Considering that the church prior to Pentecost numbered only a few hundred believers, this is an astounding achievement. Probably the Christian community within three decades had multiplied four hundredfold,18 which represents an annual increase of 22 percent for more than a generation, and the rate of growth continued remarkably high for 300 years. By the beginning of the fourth century, when Constantine was converted to Christianity, the number of disciples may have reached 10 or 12 million, or roughly a tenth of the total population of the Roman Empire.
Such growth cannot be sustained by merely adding the children of Christians to the rolls, nor is it the result of large transfers of membership from other congregations. The early church grew by evangelistic multiplication as witnesses of Christ reproduced their life-style in the lives of those about them.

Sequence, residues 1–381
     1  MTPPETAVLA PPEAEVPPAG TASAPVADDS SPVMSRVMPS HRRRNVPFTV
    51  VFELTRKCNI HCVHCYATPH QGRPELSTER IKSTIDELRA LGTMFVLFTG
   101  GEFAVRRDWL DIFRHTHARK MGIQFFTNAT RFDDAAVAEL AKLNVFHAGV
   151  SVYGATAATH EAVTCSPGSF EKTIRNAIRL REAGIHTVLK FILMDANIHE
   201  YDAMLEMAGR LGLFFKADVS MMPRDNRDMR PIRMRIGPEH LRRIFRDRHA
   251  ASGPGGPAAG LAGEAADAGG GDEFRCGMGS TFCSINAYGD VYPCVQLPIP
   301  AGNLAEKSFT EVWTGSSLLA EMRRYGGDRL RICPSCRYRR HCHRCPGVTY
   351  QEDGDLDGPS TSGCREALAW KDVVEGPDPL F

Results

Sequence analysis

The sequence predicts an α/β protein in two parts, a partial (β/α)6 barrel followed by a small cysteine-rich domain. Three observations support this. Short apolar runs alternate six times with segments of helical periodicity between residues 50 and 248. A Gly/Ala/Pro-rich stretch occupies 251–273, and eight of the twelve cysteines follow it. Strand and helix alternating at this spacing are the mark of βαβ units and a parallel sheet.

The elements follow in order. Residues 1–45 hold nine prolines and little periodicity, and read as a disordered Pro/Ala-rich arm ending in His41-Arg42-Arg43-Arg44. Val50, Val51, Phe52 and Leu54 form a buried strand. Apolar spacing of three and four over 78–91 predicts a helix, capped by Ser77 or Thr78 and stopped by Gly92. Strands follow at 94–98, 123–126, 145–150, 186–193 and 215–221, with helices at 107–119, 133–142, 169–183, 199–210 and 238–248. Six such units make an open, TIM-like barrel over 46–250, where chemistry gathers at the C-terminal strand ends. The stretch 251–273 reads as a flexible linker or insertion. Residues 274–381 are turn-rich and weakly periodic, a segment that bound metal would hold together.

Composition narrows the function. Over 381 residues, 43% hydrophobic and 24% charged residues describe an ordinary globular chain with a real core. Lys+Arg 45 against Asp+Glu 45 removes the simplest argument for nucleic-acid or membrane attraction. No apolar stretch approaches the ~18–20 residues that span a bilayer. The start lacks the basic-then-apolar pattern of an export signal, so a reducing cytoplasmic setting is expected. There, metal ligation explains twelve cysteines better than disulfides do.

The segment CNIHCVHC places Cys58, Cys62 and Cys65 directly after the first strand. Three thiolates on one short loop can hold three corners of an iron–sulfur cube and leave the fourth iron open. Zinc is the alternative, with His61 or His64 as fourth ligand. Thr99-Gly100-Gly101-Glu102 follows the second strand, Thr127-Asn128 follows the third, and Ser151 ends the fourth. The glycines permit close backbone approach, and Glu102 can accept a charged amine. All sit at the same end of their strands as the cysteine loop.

It does not matter how small the group is at the beginning, provided that they implant their vision in men and women who will in turn pass the word along to others and that they also reproduce. The early church gave eloquent witness to the dynamic in the hearts of people who take God at His Word and believe that with Him nothing is impossible.
Robert Emerson Coleman, The Master Plan of Discipleship (Old Tappan, NJ: Fleming H. Revell Company, 1987), 39–40.